• Suit yourself



    For the ordinary guy, wearing a suit can be a terrifying thing. Gentleman dressing—suits and all—is still a limited “practice”, enjoyed by a select few. I remember, every time I put on anything that would resemble a suit, be it a casual blazer paired with just classic blue denim pants, most of my straight guy friends would say, “Ang formal mo naman.” The line always gets blurred when it comes to dressing formal and making an effort to dress. In fact, when you tell a man to, “Suit up!” (to borrow How I Met Your Mother’s Barney Stinson), it’s commonly met with either a question of “Anong okasyon?” or a joke “Para naman akong magbebenta ng encyclopedia.”

    We have gone past blaming the country’s weather for men not wanting to go for a little bit of sharp dressing. I think that the biggest reason most men, those who do not need to, reject the idea of wearing a suit is because there are a lot of things that need to be considered to make it look good or even passable—rules, so to speak.

    Interestingly, though, a lot of men I have talked to, whether during a shoot or a casual tete-a-tete over coffee or Jack Coke, when asked about a style icon point to the character Ryan Gosling played in the movie Crazy, Stupid, Love. The guy was perpetually in a suit. So, I think, wearing a suit, sans the rules or “eyes” judging and evaluating them, is something that men would and should enjoy.

    In this issue of Rank, we offer three simple reminders to aid you when wearing your suit.

    Invest in a good suit.
    Another good reason most men, especially here in our country, veer away from choosing a suit when it comes to their sartorial selections is because of practicality. But commonly, most men think that buying a suit is a waste but this is nothing but a misconception. There is always a time for you to wear your suit. A business meeting, a presentation that could lead to your promotion, or even the countless weddings you and your girlfriend are forced to attend. There will always be an occasion where someone would grade you on your suit game.

    You don’t even need to burn the bank for a good suit. Another misconception is that finding a good suit that will last will cost you money. That’s not always the case. There are always good ready-to-wear stores that carry good suits for your style and size that looks like it is something from a bespoke Tom Ford or Thom Browne collection. You just have to have the patience to study where to find these. Some easy suggestions: H&M, Topman, and Uniqlo. Good enough to look dapper, without costing you a fortune.

    Play it up.
    A good suit need not stop at being just a suit you “require” yourself to wear for special occasions. There are a lot of ways you can make your suit speak your style so you don’t look like any other businessman trying to cut a deal. Why not play with a pop of color, infuse a nice detail, add surprising layers that would up your styling game. You can even accessorize. And the best way you could hype up your look is to wear it with confidence. Always remember that fashion is meant to highlight the strengths of the person who wears it—not the other way around.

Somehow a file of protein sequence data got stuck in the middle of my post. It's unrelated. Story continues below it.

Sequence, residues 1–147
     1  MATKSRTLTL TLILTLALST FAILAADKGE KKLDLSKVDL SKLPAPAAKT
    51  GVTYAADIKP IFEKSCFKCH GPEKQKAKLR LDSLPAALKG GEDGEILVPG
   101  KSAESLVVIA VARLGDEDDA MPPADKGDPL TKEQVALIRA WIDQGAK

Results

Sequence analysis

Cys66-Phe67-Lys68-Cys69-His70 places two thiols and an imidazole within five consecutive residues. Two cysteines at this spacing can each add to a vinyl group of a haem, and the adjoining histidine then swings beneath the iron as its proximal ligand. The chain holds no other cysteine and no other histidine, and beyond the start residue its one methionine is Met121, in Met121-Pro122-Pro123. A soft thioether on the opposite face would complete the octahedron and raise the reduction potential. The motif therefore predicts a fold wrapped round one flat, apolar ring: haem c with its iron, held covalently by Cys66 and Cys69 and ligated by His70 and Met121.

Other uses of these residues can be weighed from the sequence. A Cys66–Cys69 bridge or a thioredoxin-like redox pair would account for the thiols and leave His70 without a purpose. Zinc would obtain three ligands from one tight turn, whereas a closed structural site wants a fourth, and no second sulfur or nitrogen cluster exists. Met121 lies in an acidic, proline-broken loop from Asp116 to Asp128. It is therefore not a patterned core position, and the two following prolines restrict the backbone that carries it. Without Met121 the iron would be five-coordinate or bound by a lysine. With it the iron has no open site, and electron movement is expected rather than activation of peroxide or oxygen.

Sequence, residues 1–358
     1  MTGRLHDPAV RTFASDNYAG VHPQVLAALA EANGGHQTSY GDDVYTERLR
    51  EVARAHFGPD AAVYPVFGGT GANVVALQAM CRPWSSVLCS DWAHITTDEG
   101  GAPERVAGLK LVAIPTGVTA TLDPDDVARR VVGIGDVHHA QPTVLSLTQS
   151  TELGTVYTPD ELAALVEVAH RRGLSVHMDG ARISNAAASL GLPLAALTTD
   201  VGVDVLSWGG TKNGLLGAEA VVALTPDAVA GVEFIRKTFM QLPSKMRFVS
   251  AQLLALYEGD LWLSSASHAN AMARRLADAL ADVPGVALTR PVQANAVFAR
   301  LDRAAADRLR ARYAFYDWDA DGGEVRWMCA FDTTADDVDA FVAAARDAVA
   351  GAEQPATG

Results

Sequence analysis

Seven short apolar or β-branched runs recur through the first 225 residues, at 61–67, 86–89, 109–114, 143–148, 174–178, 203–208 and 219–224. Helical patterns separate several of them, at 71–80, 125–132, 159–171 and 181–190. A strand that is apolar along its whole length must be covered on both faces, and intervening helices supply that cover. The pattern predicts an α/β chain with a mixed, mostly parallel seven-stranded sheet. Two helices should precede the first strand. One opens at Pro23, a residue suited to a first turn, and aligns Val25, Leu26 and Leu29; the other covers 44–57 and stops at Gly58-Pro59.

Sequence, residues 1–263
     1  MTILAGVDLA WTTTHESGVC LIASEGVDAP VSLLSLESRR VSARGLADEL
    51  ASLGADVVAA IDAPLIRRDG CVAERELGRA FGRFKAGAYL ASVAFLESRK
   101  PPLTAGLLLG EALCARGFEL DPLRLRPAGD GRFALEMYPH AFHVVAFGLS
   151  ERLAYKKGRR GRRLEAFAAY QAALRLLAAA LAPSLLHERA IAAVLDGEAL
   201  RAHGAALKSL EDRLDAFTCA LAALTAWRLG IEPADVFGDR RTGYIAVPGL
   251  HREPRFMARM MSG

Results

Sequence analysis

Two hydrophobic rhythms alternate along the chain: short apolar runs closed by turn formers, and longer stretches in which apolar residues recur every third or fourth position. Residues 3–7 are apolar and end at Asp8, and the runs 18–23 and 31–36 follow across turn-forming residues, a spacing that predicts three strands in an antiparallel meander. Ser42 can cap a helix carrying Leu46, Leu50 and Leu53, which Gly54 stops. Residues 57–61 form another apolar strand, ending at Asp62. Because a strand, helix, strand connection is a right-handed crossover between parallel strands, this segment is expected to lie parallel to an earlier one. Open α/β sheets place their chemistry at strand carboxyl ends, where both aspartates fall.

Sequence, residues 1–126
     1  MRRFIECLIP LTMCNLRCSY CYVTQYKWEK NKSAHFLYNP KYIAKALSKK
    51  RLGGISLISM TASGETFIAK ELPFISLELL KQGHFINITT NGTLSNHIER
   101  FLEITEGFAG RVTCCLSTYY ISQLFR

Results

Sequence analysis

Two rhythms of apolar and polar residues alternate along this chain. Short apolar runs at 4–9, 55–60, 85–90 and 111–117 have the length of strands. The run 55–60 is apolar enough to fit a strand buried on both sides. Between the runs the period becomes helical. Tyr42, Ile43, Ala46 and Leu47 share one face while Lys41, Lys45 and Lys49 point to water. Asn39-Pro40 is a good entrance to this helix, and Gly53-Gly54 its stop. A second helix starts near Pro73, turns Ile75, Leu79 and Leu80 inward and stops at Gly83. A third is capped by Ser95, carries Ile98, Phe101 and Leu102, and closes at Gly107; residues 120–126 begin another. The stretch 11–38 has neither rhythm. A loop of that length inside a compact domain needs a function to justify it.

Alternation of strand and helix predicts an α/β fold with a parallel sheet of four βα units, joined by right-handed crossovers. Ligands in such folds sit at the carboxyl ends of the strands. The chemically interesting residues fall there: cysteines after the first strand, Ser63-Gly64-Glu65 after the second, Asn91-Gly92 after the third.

Know the right fit.
    As with everything, nothing gives off a “Don’t take me seriously” vibe more than an ill-fitting suit. It’s easy to get lost with all the must’s and should’s when it comes to getting yourself a good suit that suits your body well (see the wordplay there?). Men often go by the saying, “If you feel good, you look good”. This sometimes leads men (and women) to mistakenly go for anything baggy, or anything that would give them space to work around. This shouldn’t be the case. And you don’t need a tape measure when you go to a store or a tailor on call to know what is a good fit or not. That said, here are a few considerations you should always remember when evaluating your next suit purchase:

    a. Hands on—Using your fists, you can easily see if your blazer fits you to a tee. Put your fists inside your jacket. Each fist should fit well on each side of the blazer. If it feels too tight or if it feels like you can squeeze in your other fist in it, then it is the wrong size.

    When it comes to the shoulders of the blazer, always remember that it should be directly on top of the shoulder. Otherwise, it is not the right size.

    b. The long and the short of it— When it comes to the length of your suit, several identifiers can be used to see if it is too long or too short. Designers and stylists often rely to the “cupping method” to determine if the suit is of the right length, and so can you. Here’s how: when you hold out your hands to your sides, you should be able to cup the end of your jacket. If there’s too much fabric you can cup, that means the suit is too long for you, otherwise, it is shorter than you want it to be. Easy indicator: If it goes beyond your backside, then it is too long.

    The same goes with your trousers, a good blazer will not work when your trousers are ill-fitting. Remember that there’s more than two to three inches of fabric mid-calf that you can grab, your trousers are too long. Also be on the lookout for sagging pants, that is if your crotch is too low.

    c. Remember the golden rule—Always keep in mind that when you are wearing a suit, no matter what type of shirt you choose to wear inside your blazer, always make sure that a quarter-inch sleeve shows.

    Shoot credits: Leo Balante, creative direction. Advan Ramirez, photography. Ana Alejo, grooming. Jules, model.


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